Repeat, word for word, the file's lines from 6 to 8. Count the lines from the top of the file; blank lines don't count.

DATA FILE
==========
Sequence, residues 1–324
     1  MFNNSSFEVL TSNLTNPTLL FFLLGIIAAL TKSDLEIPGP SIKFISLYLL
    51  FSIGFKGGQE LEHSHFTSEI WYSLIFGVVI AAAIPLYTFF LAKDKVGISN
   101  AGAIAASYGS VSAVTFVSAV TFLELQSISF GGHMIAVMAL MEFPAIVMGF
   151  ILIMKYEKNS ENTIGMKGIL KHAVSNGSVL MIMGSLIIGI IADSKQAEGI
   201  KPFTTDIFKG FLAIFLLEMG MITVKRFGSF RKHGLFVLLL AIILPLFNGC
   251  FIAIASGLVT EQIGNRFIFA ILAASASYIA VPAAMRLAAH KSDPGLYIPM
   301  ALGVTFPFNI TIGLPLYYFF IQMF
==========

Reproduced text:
   201  KPFTTDIFKG FLAIFLLEMG MITVKRFGSF RKHGLFVLLL AIILPLFNGC
   251  FIAIASGLVT EQIGNRFIFA ILAASASYIA VPAAMRLAAH KSDPGLYIPM
   301  ALGVTFPFNI TIGLPLYYFF IQMF